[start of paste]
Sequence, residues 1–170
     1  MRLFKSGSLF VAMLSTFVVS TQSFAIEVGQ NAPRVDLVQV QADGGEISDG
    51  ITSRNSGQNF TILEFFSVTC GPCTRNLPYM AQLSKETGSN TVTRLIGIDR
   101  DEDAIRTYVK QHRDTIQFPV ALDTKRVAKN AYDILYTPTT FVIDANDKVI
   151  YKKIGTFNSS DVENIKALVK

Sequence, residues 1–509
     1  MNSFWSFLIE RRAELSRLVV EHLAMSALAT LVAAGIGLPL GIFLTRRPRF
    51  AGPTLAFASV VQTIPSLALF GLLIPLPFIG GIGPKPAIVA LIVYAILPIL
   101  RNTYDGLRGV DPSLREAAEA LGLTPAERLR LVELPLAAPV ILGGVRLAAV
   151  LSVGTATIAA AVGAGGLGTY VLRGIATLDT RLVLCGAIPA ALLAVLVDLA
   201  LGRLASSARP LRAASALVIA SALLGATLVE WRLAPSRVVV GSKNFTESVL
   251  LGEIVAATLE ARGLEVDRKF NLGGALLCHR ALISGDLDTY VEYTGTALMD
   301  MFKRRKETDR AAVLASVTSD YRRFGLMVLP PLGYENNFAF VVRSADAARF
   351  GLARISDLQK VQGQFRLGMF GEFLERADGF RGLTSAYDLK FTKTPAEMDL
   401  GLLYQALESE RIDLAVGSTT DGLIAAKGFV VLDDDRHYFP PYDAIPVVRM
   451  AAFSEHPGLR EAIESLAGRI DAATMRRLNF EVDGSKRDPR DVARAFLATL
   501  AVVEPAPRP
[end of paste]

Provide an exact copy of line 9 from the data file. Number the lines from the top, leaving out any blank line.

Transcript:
   101  RNTYDGLRGV DPSLREAAEA LGLTPAERLR LVELPLAAPV ILGGVRLAAV